Survey: Conservative Seniors at Princeton ‘Uncomfortable Sharing Political Views’
“Five hundred and seventy-one students responded to the survey, representing 44.1 percent of the graduating class.”
This shouldn’t surprise anyone. On some college campuses, identifying as a conservative can actually put you in danger.
The College Fix reports:
Majority of Princeton’s conservative seniors uncomfortable sharing political views: survey
A majority of self-described conservative seniors at Princeton University reported feeling uncomfortable “sharing [their] political views on campus,” according to this year’s annual survey of the graduating class.
Over 64 percent of students who self-identified as “very conservative” were “very uncomfortable” or “somewhat uncomfortable” sharing their political views, according to the survey. Just over 55 percent who called themselves “somewhat conservative” were “very” or “somewhat” uncomfortable.
Nearly 43 percent of students who identified as “moderate” were “very uncomfortable” or “somewhat uncomfortable” sharing their views.
By contrast, less than five percent of students who identified as “very liberal” reported being “very uncomfortable” or “uncomfortable” sharing political views, the survey showed.
The Daily Princetonian, the undergraduate newspaper that administers and publishes the annual senior survey, released this year’s results on April 22.
Five hundred and seventy-one students responded to the survey, representing 44.1 percent of the graduating class.
Of the respondents, about a third described themselves as “very liberal,” just under a third percent described themselves as “liberal,” and just over 17 percent described themselves as “leftist/socialist.” By contrast, 9.4 percent described themselves as “conservative” or “very conservative,” according to the survey.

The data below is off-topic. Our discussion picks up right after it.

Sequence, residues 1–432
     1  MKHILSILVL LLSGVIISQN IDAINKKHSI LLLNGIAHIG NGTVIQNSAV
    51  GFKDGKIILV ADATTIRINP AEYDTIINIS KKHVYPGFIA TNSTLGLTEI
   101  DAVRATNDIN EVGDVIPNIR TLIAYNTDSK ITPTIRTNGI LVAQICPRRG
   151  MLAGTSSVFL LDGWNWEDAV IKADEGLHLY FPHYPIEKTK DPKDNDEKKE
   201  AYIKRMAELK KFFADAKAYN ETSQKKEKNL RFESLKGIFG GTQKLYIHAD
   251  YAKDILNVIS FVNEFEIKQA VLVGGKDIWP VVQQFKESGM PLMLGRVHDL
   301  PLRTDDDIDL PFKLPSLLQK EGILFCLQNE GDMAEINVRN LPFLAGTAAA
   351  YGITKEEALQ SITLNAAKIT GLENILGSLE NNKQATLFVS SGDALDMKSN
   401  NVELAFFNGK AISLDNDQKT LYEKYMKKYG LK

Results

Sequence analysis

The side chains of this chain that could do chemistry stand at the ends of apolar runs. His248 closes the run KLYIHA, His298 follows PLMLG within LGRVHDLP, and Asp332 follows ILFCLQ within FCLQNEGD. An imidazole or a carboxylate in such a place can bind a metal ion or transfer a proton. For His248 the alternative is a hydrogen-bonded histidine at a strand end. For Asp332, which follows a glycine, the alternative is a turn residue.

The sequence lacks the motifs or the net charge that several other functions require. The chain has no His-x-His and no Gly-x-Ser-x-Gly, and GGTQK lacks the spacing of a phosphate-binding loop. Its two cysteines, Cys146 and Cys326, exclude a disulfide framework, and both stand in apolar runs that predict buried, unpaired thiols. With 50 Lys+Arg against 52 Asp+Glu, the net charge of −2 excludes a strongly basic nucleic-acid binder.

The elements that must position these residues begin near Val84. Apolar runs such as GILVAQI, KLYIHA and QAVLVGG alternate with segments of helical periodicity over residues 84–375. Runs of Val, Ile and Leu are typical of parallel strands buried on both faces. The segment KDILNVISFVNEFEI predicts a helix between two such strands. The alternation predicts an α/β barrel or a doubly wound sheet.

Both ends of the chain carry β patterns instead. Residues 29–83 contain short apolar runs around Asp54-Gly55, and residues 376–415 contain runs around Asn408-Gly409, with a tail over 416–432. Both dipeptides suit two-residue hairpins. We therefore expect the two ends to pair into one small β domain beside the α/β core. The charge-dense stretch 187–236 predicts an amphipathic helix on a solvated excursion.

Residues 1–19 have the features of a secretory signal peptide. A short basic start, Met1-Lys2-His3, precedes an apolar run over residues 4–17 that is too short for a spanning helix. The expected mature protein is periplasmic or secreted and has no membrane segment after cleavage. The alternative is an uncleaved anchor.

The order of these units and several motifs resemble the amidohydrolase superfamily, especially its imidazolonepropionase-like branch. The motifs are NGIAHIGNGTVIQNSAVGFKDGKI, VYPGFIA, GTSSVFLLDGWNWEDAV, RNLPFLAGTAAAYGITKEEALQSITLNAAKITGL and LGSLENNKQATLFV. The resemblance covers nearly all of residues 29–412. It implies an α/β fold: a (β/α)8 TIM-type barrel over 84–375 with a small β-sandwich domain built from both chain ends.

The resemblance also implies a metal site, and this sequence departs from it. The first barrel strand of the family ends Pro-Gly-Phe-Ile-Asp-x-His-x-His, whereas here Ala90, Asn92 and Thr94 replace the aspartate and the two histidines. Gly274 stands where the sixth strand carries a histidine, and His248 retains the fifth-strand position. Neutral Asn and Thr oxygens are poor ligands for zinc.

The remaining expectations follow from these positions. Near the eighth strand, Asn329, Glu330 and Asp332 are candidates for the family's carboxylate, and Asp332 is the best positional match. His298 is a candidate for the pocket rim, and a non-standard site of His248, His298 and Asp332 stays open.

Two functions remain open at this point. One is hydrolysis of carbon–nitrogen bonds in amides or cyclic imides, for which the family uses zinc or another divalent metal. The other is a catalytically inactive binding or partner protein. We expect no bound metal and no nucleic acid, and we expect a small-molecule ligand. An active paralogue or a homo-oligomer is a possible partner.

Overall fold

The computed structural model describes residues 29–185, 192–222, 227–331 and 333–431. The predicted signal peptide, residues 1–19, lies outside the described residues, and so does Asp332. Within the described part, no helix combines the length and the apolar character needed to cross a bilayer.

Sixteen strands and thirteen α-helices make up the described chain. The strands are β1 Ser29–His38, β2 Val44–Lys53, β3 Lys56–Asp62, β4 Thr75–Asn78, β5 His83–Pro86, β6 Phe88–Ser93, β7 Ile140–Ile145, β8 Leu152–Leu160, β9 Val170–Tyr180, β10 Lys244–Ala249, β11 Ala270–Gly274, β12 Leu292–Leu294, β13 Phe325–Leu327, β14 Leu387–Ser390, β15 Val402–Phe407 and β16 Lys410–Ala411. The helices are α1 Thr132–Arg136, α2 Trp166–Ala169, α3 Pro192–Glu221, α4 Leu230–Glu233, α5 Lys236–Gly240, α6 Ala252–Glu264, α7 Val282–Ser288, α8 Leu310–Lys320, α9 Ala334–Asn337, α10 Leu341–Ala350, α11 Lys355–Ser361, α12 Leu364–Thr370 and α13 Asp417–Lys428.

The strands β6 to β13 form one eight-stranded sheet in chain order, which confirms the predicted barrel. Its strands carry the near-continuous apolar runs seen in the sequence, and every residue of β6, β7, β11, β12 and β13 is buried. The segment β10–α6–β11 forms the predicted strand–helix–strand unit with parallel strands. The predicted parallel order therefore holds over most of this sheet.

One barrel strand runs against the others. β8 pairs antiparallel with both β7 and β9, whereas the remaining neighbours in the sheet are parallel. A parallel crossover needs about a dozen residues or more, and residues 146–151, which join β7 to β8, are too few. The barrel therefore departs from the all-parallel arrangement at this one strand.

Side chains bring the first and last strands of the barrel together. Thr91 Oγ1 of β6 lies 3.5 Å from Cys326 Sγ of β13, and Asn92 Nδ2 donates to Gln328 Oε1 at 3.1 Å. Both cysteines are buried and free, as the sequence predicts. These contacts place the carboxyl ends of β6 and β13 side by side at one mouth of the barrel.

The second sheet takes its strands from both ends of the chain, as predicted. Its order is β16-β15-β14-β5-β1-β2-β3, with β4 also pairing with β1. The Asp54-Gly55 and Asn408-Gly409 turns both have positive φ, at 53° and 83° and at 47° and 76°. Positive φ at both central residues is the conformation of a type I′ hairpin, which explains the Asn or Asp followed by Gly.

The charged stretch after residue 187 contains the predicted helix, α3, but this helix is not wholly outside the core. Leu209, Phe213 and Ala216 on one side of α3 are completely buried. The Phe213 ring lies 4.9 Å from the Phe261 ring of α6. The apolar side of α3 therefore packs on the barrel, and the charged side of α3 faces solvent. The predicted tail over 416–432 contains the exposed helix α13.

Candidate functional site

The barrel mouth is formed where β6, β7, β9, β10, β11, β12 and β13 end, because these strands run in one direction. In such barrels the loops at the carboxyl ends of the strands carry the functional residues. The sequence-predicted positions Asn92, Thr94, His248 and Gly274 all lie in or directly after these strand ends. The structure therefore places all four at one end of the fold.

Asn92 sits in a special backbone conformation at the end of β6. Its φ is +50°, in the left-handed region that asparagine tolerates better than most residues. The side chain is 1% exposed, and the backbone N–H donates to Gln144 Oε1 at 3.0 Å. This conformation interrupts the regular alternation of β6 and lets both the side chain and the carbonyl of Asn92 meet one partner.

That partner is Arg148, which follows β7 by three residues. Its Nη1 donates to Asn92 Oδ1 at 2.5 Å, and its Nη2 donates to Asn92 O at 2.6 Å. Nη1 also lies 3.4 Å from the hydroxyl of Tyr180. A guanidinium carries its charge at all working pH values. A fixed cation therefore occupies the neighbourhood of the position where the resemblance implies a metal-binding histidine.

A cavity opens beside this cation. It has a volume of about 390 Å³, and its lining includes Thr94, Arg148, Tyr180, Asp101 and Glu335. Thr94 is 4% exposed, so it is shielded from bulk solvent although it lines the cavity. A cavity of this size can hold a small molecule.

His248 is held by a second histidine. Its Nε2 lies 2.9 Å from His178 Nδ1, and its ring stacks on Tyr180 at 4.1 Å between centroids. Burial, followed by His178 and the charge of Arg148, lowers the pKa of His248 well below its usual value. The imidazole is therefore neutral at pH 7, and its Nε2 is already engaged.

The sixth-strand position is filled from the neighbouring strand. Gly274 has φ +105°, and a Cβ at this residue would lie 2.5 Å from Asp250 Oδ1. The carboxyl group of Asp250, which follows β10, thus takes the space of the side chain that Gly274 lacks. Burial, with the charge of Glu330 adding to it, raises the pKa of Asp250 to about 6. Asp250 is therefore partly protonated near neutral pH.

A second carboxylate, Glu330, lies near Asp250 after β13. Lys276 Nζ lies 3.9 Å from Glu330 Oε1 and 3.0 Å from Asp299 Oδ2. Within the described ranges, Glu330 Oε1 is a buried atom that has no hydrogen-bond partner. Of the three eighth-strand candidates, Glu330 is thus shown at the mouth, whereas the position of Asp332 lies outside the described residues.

The respondents who considered themselves “very conservative” all reported affiliations with either the Jewish or Christian faith.
Seventeen percent of respondents indicated they had become more right-wing during their undergraduate years, compared to nearly half who said they had grown more left-wing politically. Approximately 38 percent said their political persuasions had not changed.
One Princeton junior undergraduate and College Fix contributor had strong words for the political imbalance the survey recorded.
“If, as the Senior Survey’s data suggests, Princeton is fostering an environment that facilitates the mere training of ideologues and excludes those with unpopular opinions from full participation in campus discourse, then the University is failing at its most important task,” Matthew Wilson wrote in an April 30 op-ed for The Daily Princetonian.
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to the full extent allowed by law.
Uncomfortable = In terror for their lives
From Princeton website: “Because the University is committed to free and open inquiry in all matters, it guarantees all members of the University community the broadest possible latitude to speak, write, listen, challenge, and learn.“
The survey indicates that their “guarantee” is a worthless hoax. Don’t waste time or money here.
In Princeton’s defense (I live here and graduated a long time ago), there’s a very robust, well-funded “safe haven” https://jmp.princeton.edu/
Also, a regular publication that I know writers for . . https://theprincetontory.com/
Suggest you all review the activities and discourse here, before you jump to conclusions about how “unsafe” Princeton is for conservatives and libertarians.
This appears to be what is happenning all over the Ivies
I’d love to see the family income of the Princeton students who call themselves “far left/socialist,” let alone the number of hours they’ve logged interacting with anyone outside their socioeconomic caste.